Five years ago, Dana Roth a marvelous kindergarten teacher at P.S. 10 in Brooklyn, came to my home to work on writing a chapter for Teaching Kindergarten: Learning-Centered Classrooms for the 21st Century with me. When we took a break in our writing, Dana asked me for some advice. The children in her class were particularly interested in airports and airplanes. She wanted to begin an inquiry project with them but she knew that it would, because of security rules, be impossible to make a class trip to the airport. Should she just see if there was something else that interested the children? I suggested that we put our heads together and create an anticipatory web. That might give her some direction to see if an airport/airplane investigation would make sense. This is what we came up with:
Dana thought that she would do some preliminary exploring with her children. She started by inviting children to draw pictures of what they knew about airports and airplanes.
The next day, instead of their regular “signing in,” Dana proposed a question to determine their past knowledge. We always build upon what children already know (schema theory) rather than introducing an exotic, unfamiliar exploration.
The children shared what they already knew about airports.
Then they went of, drew blueprints of how they thought an airport would look, based on their past experiences and they began building.
It took a lot of tape to hold up the tower and a lot of concentration to create the sign for it.
At class meeting, the children shared their “wonderings” and considered how and where they could find answers to their questions.
During Choice Time children children researched different airplanes and airlines, created airplanes in the art center and continued building.The class took a trip to the Saker Aviation Heliport but first they made a list of questions. Back in class…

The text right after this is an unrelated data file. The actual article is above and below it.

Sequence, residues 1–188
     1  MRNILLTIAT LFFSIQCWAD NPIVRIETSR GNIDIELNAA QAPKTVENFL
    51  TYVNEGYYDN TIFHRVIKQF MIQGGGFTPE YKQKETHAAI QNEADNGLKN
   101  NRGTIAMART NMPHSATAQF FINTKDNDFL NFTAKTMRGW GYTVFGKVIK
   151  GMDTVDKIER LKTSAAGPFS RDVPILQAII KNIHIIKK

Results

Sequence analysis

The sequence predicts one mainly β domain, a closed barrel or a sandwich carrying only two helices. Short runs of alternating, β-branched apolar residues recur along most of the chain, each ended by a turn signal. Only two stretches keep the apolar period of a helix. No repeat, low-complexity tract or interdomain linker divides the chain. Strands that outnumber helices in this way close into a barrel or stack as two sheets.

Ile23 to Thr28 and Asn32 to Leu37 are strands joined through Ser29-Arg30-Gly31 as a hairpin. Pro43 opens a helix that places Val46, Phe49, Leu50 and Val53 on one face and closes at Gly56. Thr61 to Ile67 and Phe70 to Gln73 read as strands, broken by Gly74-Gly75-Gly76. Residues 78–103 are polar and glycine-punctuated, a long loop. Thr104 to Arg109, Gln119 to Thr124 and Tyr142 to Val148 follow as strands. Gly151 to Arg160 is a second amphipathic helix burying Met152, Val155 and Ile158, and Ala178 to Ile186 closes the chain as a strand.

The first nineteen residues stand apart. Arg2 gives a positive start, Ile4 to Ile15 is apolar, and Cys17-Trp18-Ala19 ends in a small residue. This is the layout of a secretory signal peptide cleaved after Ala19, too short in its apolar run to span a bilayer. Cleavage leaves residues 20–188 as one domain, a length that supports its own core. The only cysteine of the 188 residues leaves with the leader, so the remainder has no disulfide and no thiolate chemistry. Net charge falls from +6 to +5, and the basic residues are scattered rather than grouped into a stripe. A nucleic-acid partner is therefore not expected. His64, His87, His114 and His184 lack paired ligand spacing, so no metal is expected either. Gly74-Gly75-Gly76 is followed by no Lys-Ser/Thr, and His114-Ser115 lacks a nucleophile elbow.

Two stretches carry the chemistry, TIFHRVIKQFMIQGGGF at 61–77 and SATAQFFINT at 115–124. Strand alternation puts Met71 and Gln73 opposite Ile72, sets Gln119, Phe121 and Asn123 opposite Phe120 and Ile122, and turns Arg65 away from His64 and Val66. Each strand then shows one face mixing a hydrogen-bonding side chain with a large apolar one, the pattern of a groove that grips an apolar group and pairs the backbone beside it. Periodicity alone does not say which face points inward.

It seemed to be the time to culminate the investigation.
SKIP AHEAD TO AUGUST, 2018. I WAS INVITED TO VISIT THE DALTON SCHOOL OF HONG KONG AND WORK WITH LARRY LEAVEN, NANCY DU, SHAuN PORTER, MATTHEW WHITE AND THE WONDERFUL TEACHING STAFF ON DEVELOPING INQUIRY-BASED CHOICE TIME AND CLASS INQUIRY PROJECTS.
Larry Leaven, Shaun Porter.
I shared Dana’s Aviation Study with the staff from Datlton School and with teachers and administrators from two other Hong Kong school. First I projected the PowerPoint and we discussed different aspects of the study. Larry posted a photo of each page of the study on a wall adjacent to the presentation as a long time line or frieze. We invited the teachers to look at the study again along with copies of their teaching standards. When they saw an instance of a particular standard being addressed, they were asked to write a note on a post-it and stick it on the picture.
The discussion after this activity was lively, intense and illuminating. The gist of the discourse was that we DON’T begin with the standards when planning a long-term investigation. If we listen to children, value their knowledge and encourage questioning and investigating in many different modalities, then the standards will ultimately be covered, but in a more exciting and meaningful way than if we prepare a study that is pre-planned based on the teaching standards.
At the entrance to the Hong Kong Dalton School, there’s a plaque with the quote, “I’m not led. I lead.” That’s the important mantra to remember.
As this new school year gets underway, one big question that parents, teachers, and administrators ask themselves is how much and what approach to phonics should be taught to kindergarten children. I would answer them with this question: What better way is there to interest a 5 year old in letters, sounds and words than starting with his/her own name?
All of us learn best when we can build on our past knowledge or our schema. Just about all children have a special connection to their own name and that interest gives us a perfect starting place for teaching about the letter-sound connection. That is a basic premise behind what is sometimes referred to as “Star Name” activities. With a bow to Patricia Cunningham whose writing introduced me to this name study and to my former colleagues at P.S. 321 in Brooklyn who were always coming up with new ways of extending this activity, I would like to share this intellectually challenging and fun name study with you.
There are, of course, many variations on doing a name study, but here is one way to proceed:
∗ Write each child’s first name on a piece of sentence strip that is just about the size of the name. Use longer strips for long names and shorter strips for short names. This helps children notice the connection between the way a long name like Abraham looks and sounds compared with the way a short name like Ann looks and sounds.